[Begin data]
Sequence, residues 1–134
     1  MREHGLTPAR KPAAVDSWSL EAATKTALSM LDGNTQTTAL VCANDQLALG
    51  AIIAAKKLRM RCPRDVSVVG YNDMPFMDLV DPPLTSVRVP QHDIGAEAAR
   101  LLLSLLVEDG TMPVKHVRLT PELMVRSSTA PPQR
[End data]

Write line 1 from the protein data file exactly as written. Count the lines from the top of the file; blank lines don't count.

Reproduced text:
Sequence, residues 1–134